Best known for his work with mountain gorillas, Ian has been involved in more than 100 documentary films for channels such as the BBC, National Geographic Society and Discovery Channel, and the 3D movie The Last of the Great Apes.
He was also the man behind Sir David Attenborough's famous encounter with a group of mountain gorillas in Dian Fossey's sanctuary in Rwanda.
And he even taught Sigourney Weaver to grunt like a gorilla in 1987 for her award-winning role in the film Gorillas in the Mist - in which Ian is characterised as the Worm Boy.
Working closely with the Born Free Foundation for many years, Ian established and chairs the Ape Alliance, a network of 95 organisations to encourage conservation groups to work together, and is the chief consultant of the Great Apes Survival Partnership.
The GRASP – Ian Redmond Conservation Award was created in 2012 to develop and inspire young conservationists working to protect great apes and their habitat in Africa and Asia.
Ian's passion for animals began when he was a young boy, and eventually took him to Africa where he began studying the mountain gorillas of Rwanda and Zaire.
But two years after arriving on the continent his life changed forever, when poachers killed Digit, a young silverback gorilla he had got to know.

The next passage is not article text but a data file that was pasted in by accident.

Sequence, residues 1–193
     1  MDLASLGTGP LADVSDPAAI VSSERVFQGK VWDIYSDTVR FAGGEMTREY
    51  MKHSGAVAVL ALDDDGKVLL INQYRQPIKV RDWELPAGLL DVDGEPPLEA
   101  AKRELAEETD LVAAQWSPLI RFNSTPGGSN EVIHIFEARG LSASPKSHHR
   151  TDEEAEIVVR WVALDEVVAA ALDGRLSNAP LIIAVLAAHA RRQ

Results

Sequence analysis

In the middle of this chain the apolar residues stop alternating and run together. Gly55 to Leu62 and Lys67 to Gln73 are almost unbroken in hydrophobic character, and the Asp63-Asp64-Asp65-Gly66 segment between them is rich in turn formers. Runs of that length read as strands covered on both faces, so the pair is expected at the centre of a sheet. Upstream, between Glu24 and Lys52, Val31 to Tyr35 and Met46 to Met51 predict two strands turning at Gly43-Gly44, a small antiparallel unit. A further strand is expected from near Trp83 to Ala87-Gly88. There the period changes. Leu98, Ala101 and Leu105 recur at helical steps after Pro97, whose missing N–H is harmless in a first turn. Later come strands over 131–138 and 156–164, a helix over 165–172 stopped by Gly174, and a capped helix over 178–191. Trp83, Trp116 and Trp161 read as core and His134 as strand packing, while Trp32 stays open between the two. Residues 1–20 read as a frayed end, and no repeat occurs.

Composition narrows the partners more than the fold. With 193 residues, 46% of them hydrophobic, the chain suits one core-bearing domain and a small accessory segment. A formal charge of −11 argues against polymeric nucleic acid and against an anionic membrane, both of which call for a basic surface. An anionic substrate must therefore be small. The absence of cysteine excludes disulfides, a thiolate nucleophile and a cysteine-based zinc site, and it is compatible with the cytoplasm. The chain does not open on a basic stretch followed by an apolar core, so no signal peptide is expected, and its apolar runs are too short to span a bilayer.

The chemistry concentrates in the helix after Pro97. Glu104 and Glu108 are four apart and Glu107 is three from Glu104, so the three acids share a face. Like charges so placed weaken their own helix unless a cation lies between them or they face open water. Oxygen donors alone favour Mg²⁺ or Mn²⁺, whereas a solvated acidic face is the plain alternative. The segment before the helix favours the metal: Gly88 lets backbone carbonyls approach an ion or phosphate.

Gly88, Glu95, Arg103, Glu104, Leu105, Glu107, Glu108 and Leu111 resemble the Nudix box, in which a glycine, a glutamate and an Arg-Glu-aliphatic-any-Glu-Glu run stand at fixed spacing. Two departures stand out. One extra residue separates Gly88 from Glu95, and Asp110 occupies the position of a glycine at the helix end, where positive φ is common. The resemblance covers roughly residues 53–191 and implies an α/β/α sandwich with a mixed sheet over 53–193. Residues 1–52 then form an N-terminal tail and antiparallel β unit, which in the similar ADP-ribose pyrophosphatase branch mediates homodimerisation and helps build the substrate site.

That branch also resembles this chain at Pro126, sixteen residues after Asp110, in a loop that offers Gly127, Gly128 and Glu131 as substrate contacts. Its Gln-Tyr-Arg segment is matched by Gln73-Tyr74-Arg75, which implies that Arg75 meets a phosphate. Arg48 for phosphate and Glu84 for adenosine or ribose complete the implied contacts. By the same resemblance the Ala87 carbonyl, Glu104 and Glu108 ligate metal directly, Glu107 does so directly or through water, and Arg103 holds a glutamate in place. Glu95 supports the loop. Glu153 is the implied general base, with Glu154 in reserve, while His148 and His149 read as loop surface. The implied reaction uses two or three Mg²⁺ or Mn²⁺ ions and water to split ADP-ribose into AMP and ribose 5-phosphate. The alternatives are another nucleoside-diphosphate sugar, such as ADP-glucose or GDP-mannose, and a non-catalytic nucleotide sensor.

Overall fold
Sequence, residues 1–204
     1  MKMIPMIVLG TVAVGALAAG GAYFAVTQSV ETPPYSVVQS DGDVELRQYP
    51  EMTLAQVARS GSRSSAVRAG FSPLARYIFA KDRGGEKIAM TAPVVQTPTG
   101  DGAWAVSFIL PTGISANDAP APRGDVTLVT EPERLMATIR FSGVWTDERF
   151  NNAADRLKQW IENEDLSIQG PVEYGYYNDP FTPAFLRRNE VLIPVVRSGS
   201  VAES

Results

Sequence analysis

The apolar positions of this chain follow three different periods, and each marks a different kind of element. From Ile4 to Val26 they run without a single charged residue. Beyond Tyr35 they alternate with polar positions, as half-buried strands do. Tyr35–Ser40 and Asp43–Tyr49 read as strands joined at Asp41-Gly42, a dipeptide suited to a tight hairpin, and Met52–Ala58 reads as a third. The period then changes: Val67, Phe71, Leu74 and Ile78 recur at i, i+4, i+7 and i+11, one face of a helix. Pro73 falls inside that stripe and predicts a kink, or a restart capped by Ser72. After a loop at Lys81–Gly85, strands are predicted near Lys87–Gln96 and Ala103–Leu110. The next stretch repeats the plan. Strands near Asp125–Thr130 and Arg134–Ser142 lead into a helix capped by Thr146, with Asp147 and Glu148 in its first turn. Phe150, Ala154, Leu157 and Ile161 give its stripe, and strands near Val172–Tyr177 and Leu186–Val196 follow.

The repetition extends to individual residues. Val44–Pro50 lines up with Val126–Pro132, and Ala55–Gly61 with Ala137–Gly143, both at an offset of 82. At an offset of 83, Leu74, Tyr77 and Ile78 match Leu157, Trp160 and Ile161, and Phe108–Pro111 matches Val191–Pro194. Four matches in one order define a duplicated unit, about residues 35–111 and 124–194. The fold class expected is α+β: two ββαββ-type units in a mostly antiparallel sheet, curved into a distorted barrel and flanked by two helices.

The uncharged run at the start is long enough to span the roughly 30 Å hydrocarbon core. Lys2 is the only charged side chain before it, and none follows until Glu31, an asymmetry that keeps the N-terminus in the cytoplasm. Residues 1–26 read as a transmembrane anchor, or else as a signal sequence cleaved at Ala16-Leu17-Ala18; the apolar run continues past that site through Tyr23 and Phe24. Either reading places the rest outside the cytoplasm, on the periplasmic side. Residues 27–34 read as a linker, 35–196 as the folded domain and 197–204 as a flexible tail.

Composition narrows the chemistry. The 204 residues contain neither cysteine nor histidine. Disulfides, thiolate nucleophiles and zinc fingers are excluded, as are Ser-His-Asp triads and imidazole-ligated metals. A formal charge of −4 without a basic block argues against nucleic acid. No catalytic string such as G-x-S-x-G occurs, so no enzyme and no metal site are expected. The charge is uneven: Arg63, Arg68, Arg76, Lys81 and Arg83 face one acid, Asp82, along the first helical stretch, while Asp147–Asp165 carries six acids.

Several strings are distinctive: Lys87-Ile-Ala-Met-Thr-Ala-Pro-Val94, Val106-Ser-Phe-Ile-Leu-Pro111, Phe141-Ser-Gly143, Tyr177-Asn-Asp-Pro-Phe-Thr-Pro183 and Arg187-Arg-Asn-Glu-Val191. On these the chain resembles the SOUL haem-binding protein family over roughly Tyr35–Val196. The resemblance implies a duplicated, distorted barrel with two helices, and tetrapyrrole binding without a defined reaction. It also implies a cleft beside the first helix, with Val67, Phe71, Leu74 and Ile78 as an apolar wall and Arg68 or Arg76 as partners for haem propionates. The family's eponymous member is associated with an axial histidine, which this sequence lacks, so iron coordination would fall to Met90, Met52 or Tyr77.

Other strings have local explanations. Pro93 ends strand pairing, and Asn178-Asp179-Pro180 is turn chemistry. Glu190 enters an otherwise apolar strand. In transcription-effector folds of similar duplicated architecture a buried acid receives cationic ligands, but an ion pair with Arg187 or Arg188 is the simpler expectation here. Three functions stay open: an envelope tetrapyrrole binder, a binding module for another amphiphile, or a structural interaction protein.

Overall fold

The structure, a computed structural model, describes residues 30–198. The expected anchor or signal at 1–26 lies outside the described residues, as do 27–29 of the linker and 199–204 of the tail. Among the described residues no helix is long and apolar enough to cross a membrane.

Finding the headless, handless body of an ape he regarded as a friend was a turning point in his life, and he turned from research to campaigning and protecting the animals.
Ten years later, the shock was repeated - and his resolved strengthened - when some of the elephants he had been studying in Kenya were killed by ivory poachers.
Putting conservation principles into practice, he has led anti-poaching patrols, taken film crews to close encounters with gorillas, chimpanzees, orangutans and elephants, and worked to support local conservationists during the horrors of civil war in Rwanda and the Congo.
The devoted campaigner for endangered species has also gone undercover playing the role of a potential ape-buyer to infiltrate and expose poaching rings in DR Congo.
Meanwhile, his field research has been recognised worldwide, including the first study and photography of 'underground elephants' living in the caves of Mt Elgon in Kenya, and an acclaimed study of gorilla parasites.
He says: “Conservation for me isn’t just about saving species. On a larger scale, the planet needs us to save functioning eco-systems. On a smaller scale, we must also recognise that species are made up of individual animals.
"For me, it became personal when I had the privilege of getting to know individual wild animals in the wild. I can truthfully say that some of my best friends are gorillas, and I care passionately about them and the future of all life on Earth."